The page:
Crazy Otto’s Diner in Valencia was closed Sunday after the restaurant had opened for dine-in services despite stay-at-home orders.
On Friday, a “Now Open” sign could be seen hanging from the front of the restaurant, as people dined inside.
By Sunday, the sign was gone, replaced by a closure notice posted on the restaurant’s door by the Los Angeles County Department of Public Health.
The notice cited several California Health and Safety code violations, along with a violation of the county’s “Safer at Home” order, which requires businesses to stop in-person operations.
Though not affiliated with the Valencia location other than by name, Adam Finley, the operating owner of Crazy Otto’s Diner in Canyon Country, confirmed the Valencia owners met with the Health Department Monday, only able to speculate that the closure was due to the restaurant offering dine-in services.
“I can only speak for this location, I can’t speak for their location,” Finley said.
Even so, Finley says he was aware that the Valencia location had been operating for about a week.
“I was seeing (posts) on the internet,” Finley said. “I got a lot of phone calls over here asking if we were open, and we said, ‘No.’”
On Saturday, Finley says he, too, decided to partially open, allowing limited seating outside for customers, spacing tables out and using to-go materials only, while still following the public health guidelines.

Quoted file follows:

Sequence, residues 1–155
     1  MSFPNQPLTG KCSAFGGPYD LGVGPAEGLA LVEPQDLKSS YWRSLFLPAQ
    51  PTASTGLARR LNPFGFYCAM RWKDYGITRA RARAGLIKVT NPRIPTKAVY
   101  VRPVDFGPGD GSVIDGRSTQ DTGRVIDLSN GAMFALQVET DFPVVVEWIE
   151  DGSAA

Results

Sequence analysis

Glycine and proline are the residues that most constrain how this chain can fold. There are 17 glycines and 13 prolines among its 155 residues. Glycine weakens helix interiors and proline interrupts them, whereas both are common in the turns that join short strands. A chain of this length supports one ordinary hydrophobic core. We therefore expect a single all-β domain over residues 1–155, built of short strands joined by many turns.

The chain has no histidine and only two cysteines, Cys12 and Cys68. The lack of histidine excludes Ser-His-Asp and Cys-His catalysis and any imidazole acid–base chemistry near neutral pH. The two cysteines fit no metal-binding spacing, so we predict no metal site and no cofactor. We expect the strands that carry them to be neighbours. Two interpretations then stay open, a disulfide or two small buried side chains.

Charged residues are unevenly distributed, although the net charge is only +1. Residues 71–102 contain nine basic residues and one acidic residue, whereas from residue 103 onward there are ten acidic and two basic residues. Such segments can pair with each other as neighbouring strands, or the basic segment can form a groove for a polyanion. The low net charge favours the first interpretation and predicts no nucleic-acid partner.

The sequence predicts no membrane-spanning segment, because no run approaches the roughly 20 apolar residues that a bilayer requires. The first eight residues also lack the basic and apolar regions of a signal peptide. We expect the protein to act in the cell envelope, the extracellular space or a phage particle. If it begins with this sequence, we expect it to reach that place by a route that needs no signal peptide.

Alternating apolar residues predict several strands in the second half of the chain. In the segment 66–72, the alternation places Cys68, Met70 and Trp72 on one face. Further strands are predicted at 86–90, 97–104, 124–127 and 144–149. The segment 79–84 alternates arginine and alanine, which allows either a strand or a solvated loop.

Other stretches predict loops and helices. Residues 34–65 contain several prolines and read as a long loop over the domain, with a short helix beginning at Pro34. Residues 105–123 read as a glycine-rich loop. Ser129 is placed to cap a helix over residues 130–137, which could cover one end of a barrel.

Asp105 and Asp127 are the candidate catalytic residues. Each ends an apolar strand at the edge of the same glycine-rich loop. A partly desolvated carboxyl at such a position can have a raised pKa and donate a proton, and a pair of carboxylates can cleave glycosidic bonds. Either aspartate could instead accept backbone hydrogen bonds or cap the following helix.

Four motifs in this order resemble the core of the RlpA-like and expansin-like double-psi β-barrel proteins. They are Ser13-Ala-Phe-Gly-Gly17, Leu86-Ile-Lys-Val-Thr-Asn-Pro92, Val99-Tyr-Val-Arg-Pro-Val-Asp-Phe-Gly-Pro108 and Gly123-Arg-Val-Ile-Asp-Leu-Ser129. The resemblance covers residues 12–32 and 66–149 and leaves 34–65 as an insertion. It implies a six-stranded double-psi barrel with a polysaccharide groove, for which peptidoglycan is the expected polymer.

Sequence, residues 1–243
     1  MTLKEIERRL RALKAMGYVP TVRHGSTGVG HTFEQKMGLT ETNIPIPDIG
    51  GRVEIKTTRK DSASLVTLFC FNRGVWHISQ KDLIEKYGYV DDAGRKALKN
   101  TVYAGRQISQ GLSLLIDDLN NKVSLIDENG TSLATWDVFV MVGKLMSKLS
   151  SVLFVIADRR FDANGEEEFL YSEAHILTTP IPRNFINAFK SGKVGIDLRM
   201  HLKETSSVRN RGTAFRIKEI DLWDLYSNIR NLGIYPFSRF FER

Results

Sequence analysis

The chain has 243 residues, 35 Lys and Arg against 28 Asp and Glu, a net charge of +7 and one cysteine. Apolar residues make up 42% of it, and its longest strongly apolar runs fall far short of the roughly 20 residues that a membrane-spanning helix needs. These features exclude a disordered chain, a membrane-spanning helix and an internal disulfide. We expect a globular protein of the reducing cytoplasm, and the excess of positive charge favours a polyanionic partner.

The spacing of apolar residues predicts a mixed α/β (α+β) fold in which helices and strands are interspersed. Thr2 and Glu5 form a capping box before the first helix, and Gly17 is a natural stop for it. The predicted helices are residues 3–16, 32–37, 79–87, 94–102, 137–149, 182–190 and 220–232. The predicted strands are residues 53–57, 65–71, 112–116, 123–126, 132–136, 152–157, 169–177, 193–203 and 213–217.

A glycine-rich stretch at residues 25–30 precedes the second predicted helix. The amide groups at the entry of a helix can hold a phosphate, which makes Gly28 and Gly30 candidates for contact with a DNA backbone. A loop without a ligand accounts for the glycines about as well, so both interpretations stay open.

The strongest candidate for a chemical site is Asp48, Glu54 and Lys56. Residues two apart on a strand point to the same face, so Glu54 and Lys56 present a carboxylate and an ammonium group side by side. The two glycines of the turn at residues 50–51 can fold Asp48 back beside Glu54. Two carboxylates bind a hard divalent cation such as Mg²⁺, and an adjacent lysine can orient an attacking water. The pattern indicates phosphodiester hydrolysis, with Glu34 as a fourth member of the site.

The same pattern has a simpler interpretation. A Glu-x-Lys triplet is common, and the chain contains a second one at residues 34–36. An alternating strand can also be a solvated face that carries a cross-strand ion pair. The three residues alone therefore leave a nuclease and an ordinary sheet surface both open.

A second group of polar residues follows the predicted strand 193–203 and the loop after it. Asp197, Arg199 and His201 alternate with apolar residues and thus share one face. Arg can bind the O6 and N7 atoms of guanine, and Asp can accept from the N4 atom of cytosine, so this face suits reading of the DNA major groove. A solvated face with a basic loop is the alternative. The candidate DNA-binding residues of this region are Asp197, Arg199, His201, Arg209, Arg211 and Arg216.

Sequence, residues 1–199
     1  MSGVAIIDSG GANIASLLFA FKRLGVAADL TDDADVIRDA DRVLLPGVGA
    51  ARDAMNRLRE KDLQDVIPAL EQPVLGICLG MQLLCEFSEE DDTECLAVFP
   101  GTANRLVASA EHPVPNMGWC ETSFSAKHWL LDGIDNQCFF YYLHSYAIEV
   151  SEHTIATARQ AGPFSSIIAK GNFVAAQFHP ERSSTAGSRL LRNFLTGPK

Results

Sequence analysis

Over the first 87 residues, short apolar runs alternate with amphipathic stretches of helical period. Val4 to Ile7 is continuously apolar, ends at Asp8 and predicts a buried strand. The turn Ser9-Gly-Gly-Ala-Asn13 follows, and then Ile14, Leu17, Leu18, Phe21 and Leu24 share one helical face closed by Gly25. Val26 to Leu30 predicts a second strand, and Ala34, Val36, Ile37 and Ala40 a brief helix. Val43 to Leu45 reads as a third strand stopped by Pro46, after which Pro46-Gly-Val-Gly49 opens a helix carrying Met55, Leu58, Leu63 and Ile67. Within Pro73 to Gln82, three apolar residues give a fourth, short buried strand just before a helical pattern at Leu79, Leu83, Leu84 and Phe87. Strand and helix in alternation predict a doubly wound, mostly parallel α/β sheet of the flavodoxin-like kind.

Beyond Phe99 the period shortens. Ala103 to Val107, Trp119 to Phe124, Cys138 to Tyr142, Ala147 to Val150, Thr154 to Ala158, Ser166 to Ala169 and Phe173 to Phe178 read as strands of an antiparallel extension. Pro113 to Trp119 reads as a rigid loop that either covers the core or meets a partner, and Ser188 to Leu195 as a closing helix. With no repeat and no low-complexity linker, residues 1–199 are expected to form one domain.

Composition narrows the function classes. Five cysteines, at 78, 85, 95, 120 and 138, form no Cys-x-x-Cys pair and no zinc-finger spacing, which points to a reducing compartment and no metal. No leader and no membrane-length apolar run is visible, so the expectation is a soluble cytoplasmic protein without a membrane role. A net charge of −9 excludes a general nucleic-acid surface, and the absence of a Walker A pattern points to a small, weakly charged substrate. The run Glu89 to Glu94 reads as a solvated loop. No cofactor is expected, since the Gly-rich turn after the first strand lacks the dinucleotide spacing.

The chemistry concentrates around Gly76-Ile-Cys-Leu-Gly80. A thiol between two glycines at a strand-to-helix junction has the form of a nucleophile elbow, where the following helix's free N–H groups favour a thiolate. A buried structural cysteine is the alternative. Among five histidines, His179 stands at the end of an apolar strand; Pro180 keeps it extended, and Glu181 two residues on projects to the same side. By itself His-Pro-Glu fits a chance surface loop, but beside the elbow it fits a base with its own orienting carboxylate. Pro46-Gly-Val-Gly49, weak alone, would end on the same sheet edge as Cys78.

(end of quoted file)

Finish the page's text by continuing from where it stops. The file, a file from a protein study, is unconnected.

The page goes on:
However, after receiving phone calls alerting him that he would also be shut down if he continued, he returned to only offering take-out and pickup Sunday, like he had been for the previous two months.
“This is difficult for us,” Finley said, referring to the closures. “We’re about 85% down in sales, so we can’t sustain this too much longer … The grocery stores are open. We’re essential, they’re essential. What’s the difference?”
For Finley, it’s not just about being a struggling business owner, it’s about losing everything he’s worked for.
“I started as a washer, and I worked very hard to get where I’m at,” he said. “And to lose it, especially for me, I have a family of four and one on the way, so I’m going to have five kids, and so I can’t afford to lose this. That’s why I made a decision on Saturday to try to put some tables out to try to boost sales, but then I had to go back on that because I can’t afford to lose my business.”
Finley says he hopes Public Health eases restrictions soon, allowing dine-in with certain guidelines.
“You give us 25% (capacity), that would help us a lot,” he added. “Even if it’s just 10 people in the restaurant, we’ll still keep the distance and follow health guidelines.”
Finley says he doesn’t want to put people’s health at risk and will continue to abide by Public Health’s guidelines. “We have masks on, we’re washing our hands, sanitizing and wiping everything down.”
Finley says it’s not really about the money, it’s more so about freedom.
“We’re trying to figure things out, and maybe I made a wrong decision on Saturday, but I just wish other restaurants would also step in there, even if it’s for one day, to say, ‘We’re tired of it,’” he said. “It’s a very scary time for everyone. Everybody’s panicking, everybody is living in fear, but I feel that, at some point, we have to find a way to get out of this.”
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